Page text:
‘Acting Up’ – or Just a Desperate Cry for Attention?

Clients often ask me if the children (or adults) in their lives are just looking for attention when they “act up” or become emotionally distraught. This is often true, but the goal isn’t attention as much as what I call “visibility.”

People have a reasonable need to feel that their lives are important and that they are visible to others. Visibility is the end result of achievement or success, and it cannot be faked in order to make visibility an end in itself. An author achieves visibility when she convinces readers that she has something valuable to say. A sports hero achieves visibility when he demonstrates talent on the playing field. A businessperson achieves visibility because he makes a profit by creating and selling a product or service of value to many.

So you can’t seek attention or visibility without first focusing on the means that make it possible. And that, not the visibility, has to be the end in itself. In the absence of actually earning it, the failure to get visibility can often lead to anxiety, which in extreme cases can lead to desperation. When people develop emotional disorders or maladies as a bid for attention, it doesn’t mean they’re deliberately faking it. While this may sometimes be true, what may actually be happening is that the person has become anxious and desperate because he or she has failed to understand that visibility can only come from a continuous policy of achievement over time.

There are also achievements in character or personality as well. You don’t obtain visibility in personal relationships primarily through career achievement. Somebody becomes good friends with you or marries you more for your personal traits and qualities (hopefully) than anything else. If you haven’t nurtured these qualities over time in a rational, principled and thoughtful way, you won’t obtain the desired visibility from somebody who reflects the ideals you already practice daily. You might end up with friends or a spouse in name only, but you will still not be satisfied, because you never satisfied yourself.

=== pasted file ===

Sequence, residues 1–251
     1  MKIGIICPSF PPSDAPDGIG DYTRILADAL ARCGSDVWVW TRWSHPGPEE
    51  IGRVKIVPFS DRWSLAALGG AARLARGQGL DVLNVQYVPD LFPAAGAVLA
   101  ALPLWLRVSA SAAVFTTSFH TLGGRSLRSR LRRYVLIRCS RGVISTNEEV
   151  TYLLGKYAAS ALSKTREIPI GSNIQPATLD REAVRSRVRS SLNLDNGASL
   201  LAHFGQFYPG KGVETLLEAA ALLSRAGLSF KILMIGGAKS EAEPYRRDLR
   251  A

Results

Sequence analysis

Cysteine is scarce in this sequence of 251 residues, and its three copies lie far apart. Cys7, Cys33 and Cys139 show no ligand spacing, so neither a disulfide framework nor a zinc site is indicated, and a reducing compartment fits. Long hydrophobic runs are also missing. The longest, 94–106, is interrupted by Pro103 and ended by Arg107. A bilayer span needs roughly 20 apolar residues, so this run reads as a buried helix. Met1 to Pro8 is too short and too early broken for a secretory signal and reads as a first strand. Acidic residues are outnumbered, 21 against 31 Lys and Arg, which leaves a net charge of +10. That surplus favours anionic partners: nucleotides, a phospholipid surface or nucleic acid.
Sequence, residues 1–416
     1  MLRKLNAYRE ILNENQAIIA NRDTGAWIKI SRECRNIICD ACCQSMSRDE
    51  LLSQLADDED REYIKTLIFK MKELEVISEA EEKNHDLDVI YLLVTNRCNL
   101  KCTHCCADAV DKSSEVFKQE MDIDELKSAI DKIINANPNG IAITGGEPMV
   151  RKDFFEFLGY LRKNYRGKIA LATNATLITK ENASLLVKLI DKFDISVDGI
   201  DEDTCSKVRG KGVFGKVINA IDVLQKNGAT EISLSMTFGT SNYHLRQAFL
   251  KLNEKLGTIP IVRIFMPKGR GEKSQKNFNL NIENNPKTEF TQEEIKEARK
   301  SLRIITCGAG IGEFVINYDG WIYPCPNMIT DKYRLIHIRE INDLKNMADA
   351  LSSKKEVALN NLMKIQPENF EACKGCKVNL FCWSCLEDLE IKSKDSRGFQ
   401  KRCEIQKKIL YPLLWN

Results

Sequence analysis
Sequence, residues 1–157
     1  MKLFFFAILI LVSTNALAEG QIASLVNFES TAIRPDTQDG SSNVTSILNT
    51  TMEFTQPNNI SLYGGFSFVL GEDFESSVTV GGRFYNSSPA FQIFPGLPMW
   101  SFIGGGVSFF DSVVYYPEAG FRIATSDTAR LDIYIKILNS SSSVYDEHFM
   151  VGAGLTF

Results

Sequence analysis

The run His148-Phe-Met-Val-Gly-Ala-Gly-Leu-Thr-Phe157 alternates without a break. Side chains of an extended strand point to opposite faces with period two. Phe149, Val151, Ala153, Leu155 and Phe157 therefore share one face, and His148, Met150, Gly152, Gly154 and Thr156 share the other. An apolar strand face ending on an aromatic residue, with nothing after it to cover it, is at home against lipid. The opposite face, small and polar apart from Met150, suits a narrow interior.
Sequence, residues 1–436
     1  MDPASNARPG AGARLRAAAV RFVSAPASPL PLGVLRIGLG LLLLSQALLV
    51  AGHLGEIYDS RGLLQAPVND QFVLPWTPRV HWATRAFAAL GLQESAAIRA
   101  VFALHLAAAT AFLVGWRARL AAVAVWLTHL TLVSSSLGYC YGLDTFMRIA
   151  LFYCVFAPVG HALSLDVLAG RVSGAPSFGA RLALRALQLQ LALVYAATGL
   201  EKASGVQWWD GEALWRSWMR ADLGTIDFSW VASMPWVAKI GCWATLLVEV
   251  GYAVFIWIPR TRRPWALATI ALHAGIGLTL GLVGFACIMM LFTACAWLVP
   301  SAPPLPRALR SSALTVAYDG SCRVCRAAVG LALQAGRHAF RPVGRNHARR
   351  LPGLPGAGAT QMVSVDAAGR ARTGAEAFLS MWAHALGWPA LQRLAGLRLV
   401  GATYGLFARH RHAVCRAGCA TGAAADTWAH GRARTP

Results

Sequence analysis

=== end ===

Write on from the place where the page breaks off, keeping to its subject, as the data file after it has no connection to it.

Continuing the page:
Some mental health professionals encourage people to get caught up in their childhood. “You didn’t get what you needed as a child,” they intone. “You must now work through that as an adult.” “Work through” is never concretely defined, and hundreds of psychotherapy sessions will give you no better understanding of that (though it might put a nice pool in the therapist’s back yard). This is because “working through” generally does not correct the most basic error: Failing to tend to the self and to develop it in a way that brings pleasure and genuine satisfaction.

To make matters worse, ethicists and moralists throughout history have emphasized what they consider to be the “virtue” of selflessness. So we end up with millions of conscientious, thoughtful people – the ones with the greatest potential for earned visibility – trying to become the opposite of what they require. They’re taught that the ideal is to tend to others, and never to themselves. And then they wonder why they suffer from depression, anxiety and other manifestations of low self-esteem.

If we want to feel good every day, it’s necessary to pursue the only course that can make that possible: self-interest, self-nurturing and recognition of the same in others. And better yet, when we find others we value or care about, it makes us better people to encourage the same in them. It’s mentally healthy for us and those we care about to seek our own happiness first. Selflessness cannot be the ideal if it is practiced with no regard for our own well-being.

Nobody can experience genuine happiness without a strong sense of self. It’s time to embrace the tools and the ideals that can make that possible.

Michael J. Hurd

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